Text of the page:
To review, on a dry matter basis, this food is 50% protein, 41% fat, and 0% carbs.
As a group, the brand has an average protein content of 46%, and average fat content of 30%, and an average carb content of 9%.
Compared to the other 2000+ foods in our database, this food has:
- Average protein.
- Above average fat.
- Average carbs.
Because meat is the first ingredient, quality organ meats are used, and fillers are fairly minimal, our rating for this brand is 4 stars.
Halo Cat Food Recall History
We do not believe that a recall indicates a low quality food or company, and we respect the fact that sometimes things happen that cause a manufacturer to recall a food.
Usually these things are non-life-threatening, and we think it’s important to take a moment to be thankful about just how few recalls there really are in the industry, considering the enormous volume of food produced.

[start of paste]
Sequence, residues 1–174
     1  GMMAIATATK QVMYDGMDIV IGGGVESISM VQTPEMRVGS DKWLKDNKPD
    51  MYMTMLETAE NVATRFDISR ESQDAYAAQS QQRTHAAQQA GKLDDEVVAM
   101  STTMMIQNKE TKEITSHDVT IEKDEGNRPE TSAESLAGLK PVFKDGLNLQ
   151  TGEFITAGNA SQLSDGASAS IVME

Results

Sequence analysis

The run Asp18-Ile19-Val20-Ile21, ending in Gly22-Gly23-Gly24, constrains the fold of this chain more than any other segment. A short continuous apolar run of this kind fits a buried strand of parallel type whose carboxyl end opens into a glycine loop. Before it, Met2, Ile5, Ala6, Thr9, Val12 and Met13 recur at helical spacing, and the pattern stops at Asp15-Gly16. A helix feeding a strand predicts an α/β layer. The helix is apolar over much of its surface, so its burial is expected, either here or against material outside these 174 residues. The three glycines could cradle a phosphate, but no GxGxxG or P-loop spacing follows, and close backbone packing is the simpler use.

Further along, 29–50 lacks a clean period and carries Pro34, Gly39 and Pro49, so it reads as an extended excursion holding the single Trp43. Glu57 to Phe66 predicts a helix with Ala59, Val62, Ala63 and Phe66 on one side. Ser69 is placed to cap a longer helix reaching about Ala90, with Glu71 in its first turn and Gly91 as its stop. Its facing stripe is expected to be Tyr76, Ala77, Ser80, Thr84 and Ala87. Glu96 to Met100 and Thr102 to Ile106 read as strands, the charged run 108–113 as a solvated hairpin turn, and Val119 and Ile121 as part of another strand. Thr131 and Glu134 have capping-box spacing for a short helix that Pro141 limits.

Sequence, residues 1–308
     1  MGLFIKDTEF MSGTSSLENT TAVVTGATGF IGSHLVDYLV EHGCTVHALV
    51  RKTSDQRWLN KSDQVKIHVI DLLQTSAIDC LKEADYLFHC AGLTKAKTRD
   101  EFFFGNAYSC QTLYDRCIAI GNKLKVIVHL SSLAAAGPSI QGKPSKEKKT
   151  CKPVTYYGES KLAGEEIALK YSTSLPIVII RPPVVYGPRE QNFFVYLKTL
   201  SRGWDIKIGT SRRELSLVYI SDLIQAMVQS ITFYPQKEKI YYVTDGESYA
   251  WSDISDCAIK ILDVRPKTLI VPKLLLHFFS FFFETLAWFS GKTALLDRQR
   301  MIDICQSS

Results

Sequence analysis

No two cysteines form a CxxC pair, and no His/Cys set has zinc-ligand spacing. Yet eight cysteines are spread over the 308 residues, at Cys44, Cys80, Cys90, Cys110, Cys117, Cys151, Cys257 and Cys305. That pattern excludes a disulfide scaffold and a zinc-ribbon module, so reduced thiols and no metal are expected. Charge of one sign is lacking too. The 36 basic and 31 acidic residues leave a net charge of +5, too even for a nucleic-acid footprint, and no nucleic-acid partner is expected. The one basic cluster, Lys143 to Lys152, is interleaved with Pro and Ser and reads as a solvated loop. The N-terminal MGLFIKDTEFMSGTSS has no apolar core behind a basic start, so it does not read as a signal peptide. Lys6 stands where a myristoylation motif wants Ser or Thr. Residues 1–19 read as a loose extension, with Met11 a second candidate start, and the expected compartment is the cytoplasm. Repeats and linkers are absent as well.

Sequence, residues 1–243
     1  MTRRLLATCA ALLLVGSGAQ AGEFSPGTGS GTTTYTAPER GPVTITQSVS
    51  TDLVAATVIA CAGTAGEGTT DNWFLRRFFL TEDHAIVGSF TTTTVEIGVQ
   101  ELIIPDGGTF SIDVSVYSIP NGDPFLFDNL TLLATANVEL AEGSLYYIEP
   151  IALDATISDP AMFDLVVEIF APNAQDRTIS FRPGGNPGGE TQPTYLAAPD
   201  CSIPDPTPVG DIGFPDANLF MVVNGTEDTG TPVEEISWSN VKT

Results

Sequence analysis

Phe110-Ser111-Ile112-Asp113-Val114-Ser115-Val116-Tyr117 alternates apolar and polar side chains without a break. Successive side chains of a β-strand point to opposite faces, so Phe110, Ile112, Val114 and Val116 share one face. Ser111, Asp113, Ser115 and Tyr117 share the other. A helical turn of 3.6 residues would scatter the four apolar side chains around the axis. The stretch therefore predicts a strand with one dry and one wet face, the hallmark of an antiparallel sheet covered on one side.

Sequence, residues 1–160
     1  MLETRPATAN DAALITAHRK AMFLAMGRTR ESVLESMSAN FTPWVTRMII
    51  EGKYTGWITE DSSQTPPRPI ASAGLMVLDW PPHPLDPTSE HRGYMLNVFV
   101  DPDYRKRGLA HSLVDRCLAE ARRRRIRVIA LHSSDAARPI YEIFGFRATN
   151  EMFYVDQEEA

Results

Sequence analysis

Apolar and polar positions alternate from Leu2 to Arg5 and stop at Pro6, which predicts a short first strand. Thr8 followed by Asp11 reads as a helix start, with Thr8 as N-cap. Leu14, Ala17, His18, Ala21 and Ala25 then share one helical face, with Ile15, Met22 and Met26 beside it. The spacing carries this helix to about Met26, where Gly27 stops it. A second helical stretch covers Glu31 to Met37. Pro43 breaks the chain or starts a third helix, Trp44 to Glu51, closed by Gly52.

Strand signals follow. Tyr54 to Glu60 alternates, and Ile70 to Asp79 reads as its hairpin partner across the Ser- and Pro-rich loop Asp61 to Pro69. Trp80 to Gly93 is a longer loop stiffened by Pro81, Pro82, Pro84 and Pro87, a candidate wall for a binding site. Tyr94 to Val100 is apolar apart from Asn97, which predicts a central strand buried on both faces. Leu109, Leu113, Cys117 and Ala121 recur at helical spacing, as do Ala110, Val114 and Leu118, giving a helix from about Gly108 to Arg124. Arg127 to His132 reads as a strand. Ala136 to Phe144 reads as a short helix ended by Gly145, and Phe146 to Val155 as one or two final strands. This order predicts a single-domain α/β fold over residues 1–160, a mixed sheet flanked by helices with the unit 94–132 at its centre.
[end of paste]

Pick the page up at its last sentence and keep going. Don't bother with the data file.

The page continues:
However, we do believe that a history of recalls may point to a larger issue with a company, and that discerning consumers want to know who they’re buying from, especially when it comes to something as important as the food you feed your beloved cat.
Here is a list of recalls that have affected the Halo brand in the past:
- October 2015 – Potential mold – 1 product affected
If you want to stay up to date on the latest recall information affecting your cat’s food, sign up to our email list and receive an email every time a recall is announced. We’ll also let you know about any updated ratings, recipe changes, or new cat foods on the market. (Our alert system will be launched shortly, check back soon.)
Where To Buy Halo Indoor Wet Cat Food
We recommend purchasing your pet products from Chewy.com. They continually prove that they walk the walk while talking the talk, and I’ve never dealt with a more dedicated pet-parent base of people than those who work at Chewy.
Plus, they offer 20% off and free shipping on lots of orders.
Check out our ratings and reviews of the best cat foods in our comprehensive, data-backed guide right here.